But answer came there none--
And this was scarcely odd, because
They'd eaten every one.


(With apologies to Charles Lutwidge Dodgson.)

13 comments:

Mallika said...

Ah vicious world. The snails in my front garden are quite pleased I am not a) French and b) a trainee chef.

Were they delicious?

Julia said...

Nooooooo.......not you as well. Enough with the garden snails!!!Eeek....

Scott at Real Epicurean said...

Great to see someone taking advantage of nature's free larder.

Anything that eats my wild rocket is fair game in my opinion.

Ben said...

Slugs too? Is there any reason why we eat snails but not their "Big Issue" cousins?

Trig said...

Mallika - I tried them once when I was younger but didn't like them at all. I did try one this time and I'm afraid my taste hasn't changed.

Julia - So you're not a fan either...

Scott - I love wild rocket, but like snails it really is an acquired taste. Do you harvest the rocket quite often or save it for special occasions?

Ben - Apparently there are some varities of "sea slug" that are edible and are eaten by humans (sea cucumbers etc.)

I just looked it up on google and found a story of a young man who died after swallowing a land slug alive for a bet with his drinking mates. It wasn't the slug as such that killed him but the parasitic rat lungworms that it was infested with.

So depending on how you define a "slug", the answer to your question is yes and no

Little Foodie said...

Being a novice I can't work out how I missed this when I checked in earlier. I'm starting to feel like a granny (sorry grandmas). Anyway superb post, snails I can handle, enjoy even after a few glasses of wine, but not slugs! Also loved your 2 May post 'We live in a beautiful world' My children don't know what the golden arches stand for and if they see Ronald they ask who he is.
Amanda

Scott at Real Epicurean said...

Trig: Often. Has to be, else it grows very woody. Regular harvesting encourages the growth of fresh young leaves and means there's not loads of old leaves on the plant.

ros said...

I always order snails if I see them on a restaurant menu but until Scott (and now you) cooked them, I wouldn't have even thought to go looking for them.

Sadly, I don't have a garden. Perhaps next time I go to my parents I can find some. But, then again, Dad stopped talking to me for a couple of days when I cooked mussels (even tried to pay me off to save them :s ) so I'd never get away with it.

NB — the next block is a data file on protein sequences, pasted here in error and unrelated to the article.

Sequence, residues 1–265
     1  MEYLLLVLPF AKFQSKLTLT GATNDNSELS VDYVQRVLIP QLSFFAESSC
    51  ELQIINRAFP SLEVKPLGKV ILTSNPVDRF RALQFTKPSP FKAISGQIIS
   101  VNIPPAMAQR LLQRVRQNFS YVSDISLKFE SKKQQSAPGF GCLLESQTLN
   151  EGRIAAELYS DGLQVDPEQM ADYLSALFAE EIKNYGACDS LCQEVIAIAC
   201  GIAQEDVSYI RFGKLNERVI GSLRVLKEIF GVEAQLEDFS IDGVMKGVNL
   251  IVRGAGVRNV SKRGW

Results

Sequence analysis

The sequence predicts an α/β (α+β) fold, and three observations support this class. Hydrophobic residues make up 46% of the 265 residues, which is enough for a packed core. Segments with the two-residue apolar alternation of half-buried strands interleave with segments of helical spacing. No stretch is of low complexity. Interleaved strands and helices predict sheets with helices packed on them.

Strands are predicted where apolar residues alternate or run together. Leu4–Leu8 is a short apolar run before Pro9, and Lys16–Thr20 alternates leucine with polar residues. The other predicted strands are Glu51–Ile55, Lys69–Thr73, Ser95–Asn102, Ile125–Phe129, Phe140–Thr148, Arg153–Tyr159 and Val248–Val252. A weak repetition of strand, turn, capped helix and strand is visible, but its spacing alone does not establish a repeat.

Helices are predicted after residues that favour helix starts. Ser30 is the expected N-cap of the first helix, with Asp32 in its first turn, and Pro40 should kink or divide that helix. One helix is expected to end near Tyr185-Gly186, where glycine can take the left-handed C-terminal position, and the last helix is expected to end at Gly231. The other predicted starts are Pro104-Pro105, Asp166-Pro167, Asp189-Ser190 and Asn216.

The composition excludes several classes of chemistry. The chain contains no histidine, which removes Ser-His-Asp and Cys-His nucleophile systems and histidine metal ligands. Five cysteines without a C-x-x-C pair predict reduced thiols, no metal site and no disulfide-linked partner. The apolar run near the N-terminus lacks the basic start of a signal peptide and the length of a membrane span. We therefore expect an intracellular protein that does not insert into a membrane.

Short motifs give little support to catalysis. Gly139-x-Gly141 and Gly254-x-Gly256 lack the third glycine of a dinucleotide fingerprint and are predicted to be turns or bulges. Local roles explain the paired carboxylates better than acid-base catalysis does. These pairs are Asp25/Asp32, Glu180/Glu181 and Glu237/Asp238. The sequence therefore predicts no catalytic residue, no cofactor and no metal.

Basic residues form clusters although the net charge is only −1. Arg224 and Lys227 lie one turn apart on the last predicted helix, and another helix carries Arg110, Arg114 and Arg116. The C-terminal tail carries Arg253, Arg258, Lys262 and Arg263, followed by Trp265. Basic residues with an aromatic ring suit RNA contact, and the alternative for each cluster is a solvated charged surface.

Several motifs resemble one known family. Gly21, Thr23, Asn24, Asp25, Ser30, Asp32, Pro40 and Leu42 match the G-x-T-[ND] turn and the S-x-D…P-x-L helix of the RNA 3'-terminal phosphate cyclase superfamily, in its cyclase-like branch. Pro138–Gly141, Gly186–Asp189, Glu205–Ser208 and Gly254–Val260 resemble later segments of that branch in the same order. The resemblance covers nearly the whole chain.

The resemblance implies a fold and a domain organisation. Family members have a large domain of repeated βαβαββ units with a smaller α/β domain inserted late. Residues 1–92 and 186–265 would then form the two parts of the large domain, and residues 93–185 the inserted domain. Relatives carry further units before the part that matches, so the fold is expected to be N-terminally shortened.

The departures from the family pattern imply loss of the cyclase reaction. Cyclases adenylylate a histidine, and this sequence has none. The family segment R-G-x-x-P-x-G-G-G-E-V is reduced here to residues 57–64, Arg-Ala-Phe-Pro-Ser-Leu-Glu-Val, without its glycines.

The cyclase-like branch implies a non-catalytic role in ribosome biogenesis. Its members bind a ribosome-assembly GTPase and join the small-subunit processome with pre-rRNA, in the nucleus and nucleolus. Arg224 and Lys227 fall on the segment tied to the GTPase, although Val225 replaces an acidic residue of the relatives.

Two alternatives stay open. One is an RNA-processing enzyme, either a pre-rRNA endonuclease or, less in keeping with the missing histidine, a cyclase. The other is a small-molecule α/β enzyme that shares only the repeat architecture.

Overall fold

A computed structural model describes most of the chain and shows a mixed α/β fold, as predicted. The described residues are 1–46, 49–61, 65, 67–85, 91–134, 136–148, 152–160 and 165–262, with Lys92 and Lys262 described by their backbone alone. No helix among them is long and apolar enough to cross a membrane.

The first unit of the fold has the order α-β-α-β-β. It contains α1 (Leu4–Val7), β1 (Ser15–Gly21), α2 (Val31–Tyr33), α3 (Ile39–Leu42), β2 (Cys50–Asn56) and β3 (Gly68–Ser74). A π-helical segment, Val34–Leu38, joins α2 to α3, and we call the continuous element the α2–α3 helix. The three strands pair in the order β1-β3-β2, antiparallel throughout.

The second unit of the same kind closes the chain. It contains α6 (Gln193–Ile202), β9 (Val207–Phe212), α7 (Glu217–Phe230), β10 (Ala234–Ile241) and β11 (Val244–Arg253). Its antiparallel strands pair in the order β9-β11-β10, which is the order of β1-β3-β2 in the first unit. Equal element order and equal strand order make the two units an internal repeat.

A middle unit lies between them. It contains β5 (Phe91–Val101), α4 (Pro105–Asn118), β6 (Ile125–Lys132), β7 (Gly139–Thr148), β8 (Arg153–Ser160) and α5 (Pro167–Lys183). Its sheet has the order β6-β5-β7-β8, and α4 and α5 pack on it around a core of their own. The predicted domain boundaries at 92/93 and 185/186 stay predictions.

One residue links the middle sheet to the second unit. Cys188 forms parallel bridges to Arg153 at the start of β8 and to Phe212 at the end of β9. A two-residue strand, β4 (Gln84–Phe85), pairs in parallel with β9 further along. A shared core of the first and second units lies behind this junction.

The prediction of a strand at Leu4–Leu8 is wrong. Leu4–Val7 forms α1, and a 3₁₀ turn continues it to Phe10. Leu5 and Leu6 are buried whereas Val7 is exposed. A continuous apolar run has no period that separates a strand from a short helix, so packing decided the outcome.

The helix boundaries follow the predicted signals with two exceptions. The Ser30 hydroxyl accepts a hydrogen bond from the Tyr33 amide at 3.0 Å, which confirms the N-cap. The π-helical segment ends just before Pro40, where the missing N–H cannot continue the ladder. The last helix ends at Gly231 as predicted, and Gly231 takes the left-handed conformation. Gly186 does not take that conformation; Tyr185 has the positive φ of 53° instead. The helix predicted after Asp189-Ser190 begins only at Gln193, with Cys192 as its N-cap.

Mae said...

What a strange co-incidence! I've just come in from the garden where i squished a snail! Oooops! Not deliberately, of course...

They love my bamboo plant - i often shake the tree and they come falling! Some do end up thrown on the other side of the garden whilst some, end up being squished.

I still can't get my head around them being edible.

I have tried the African snails [they're huge!]. In West Africa, they make a soup or stew out of them. You can find them in Balham or Tooting [where they sell West African goods]. If you're game, you ought to try them! :)

Trig said...

Scott - Of course, how silly of me. Now you've said that it seems bloody obvious!

Ros - Why was your dad so against you cooking mussels? Is it only because they're alive before you cook them? That does seem a bit odd, I mean it is essential with most shellfish

Mae - I'd certainly give them a try, after all you only live once. Next time I'm passing through South London I may well investigate. Cheers for the heads up!

ros said...

Yes, it is indeed because they're alive when you cook them. Dad's weird like that. He's bothered by animals getting eaten. He is a vegetarian though, so not totally inconsistent.

Trig said...

Oh dear, I'm afraid my next post may be a problem for your dad then, Ros!

Elise said...

Oh Trig, you are a brave man! I so love escargot, but I do have the hardest time thinking of my garden pests as food.